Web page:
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Tuesday, 11 December 2012

Masculinity Redefined




photo owned by Men Can Stop Rape


 I loved this article so much that I had to give my thoughts, because it says so much about a pending shift in what defines masculinity (at least in North America).

  I've never been what would be considered a "guy's guy". I'm not heavily into sports or drinking. As a married man I have a healthy attraction to women but won't be found running them down or engaging in any other stereotypical macho behaviour. Sure I love renovating with power tools and can swear like a truck driver, but none of these things are what makes a man, a man.

  The rules that hetero men are expected to follow are unwritten but very definite. Hugging each other is discouraged; a knowing pat on the back is required to make it okay. Men don't say they love each other in case, God forbid, it's taken the "wrong" way. And of course men don't cry, it's a sign of weakness. But to me, being secure enough to express emotion in these ways are a sign of strength.

  I began blogging three and a half years ago, and along the way most of the friends I've made have been women. That's not co-incidental. The fact that women are more emotionally open and expressive has always been a draw for me, it's something I relate to very strongly. And it's had a bit of a snowball effect, because the more conversations I have the more I realize the obstacles women are up against. If there's anything I've learned it's this: in order for the sexes to understand each other we need to dispose of the stereotypes, what we only THINK we know. And since this post is about redefining society's construct of masculinity, I believe this is where it has to start. One of the best ways to bridge the gap in understanding between the sexes is for men to lower our walls and become a little more emotionally available. Sure the opposite sex can be a mystery, but it's never enough to accept that it's just the way it is. If instead we take time to listen I can promise we'll gain a better understanding of women's thoughts, feelings and needs.

  Becoming more attuned in this way comes through compassion and respect, and they both need to be taught at an early age. I don't have a lot of memories of having a strong male figure in my life. My parents divorced when I was twelve and through my teens I lived with an alcoholic stepfather who had a raging temper and a less than flattering opinion of women. The values I was taught as a child carried me through those years and I swore I would never treat women as my stepfather did. Had I been raised solely by him I could have turned out very different from what I am today.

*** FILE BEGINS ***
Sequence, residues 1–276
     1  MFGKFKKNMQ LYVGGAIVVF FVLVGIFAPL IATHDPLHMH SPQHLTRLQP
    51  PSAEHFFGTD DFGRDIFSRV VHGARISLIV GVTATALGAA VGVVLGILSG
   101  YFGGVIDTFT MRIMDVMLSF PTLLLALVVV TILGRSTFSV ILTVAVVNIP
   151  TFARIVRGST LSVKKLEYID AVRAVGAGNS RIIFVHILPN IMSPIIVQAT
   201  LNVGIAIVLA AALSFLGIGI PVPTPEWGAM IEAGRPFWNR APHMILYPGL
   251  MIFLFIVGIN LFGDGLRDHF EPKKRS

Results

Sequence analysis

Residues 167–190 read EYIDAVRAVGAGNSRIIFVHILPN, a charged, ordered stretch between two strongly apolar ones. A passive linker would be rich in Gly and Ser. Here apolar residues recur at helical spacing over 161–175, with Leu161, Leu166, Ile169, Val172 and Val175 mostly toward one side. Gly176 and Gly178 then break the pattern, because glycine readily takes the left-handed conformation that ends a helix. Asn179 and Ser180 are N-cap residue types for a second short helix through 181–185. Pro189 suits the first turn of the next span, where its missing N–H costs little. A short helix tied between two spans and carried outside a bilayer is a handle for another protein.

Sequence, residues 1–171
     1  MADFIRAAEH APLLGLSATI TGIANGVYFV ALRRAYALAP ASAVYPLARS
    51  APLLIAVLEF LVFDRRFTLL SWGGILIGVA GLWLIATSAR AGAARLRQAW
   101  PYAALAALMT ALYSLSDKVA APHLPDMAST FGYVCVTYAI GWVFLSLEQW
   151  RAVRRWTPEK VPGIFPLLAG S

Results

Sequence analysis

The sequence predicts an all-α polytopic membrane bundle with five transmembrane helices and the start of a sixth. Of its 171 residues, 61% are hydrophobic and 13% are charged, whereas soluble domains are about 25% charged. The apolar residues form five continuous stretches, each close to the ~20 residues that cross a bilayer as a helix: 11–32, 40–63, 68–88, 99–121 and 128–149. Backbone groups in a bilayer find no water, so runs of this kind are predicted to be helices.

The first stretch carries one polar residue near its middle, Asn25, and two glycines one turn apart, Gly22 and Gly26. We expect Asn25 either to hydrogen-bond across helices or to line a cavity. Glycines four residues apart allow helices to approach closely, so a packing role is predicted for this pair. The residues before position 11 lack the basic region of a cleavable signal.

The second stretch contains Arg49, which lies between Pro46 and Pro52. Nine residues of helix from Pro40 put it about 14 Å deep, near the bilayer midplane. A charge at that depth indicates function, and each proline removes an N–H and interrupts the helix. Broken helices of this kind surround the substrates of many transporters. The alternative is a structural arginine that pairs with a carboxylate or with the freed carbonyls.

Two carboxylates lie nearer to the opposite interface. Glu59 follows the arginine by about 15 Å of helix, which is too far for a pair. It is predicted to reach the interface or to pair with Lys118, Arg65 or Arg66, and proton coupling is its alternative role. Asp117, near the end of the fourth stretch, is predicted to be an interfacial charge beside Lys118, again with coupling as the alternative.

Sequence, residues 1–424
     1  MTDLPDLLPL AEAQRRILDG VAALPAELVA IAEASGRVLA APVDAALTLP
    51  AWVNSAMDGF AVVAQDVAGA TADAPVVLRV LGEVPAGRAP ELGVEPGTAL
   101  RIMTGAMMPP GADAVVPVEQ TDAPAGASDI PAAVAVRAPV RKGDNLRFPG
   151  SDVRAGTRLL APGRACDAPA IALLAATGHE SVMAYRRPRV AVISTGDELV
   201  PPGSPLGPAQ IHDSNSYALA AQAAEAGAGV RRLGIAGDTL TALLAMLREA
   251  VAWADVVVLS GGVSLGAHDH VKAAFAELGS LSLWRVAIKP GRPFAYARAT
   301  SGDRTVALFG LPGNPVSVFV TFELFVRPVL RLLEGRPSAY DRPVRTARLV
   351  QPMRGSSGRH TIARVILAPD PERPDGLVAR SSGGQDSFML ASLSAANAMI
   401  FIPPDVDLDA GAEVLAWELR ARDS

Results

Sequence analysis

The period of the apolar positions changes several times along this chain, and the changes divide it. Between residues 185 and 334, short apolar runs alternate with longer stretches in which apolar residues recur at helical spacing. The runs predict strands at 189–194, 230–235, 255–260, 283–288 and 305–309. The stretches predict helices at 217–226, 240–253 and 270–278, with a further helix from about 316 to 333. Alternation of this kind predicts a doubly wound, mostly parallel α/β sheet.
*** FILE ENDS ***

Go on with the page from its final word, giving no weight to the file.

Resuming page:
In the end I think we're going to see a turn over time in the way masculinity is defined by society. My experience has shown me how much influence a male figure can have on a boy, either negatively or positively. I don't think the responsibility adult men have towards youth can be underestimated, and this is where it has to start if our thinking is to change. A man can express emotion and empathy and still be strong.

~ Barry

2 comments:

  1. Good post on an important topic. While we are taught how to act in conventional masculine ways, we can reject those lessons. Many are harmful to us -- e.g., by creating distance between us and our friends -- and deserve to be scrapped. Like you, I've gravitated toward the healthier behavior of many women, whose friendships are deeper and more rewarding than those I had with guys.

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  2. Thanks for your thoughts. I'm hopeful we'll continue to see a shift in how society defines what it means to be a man. I agree many traditional views of masculinity are harmful and I think only serve to drive a wedge between the sexes. Respect for women and displays of emotion are important. There is great strength in vulnerability and compassion.

    ~Barry

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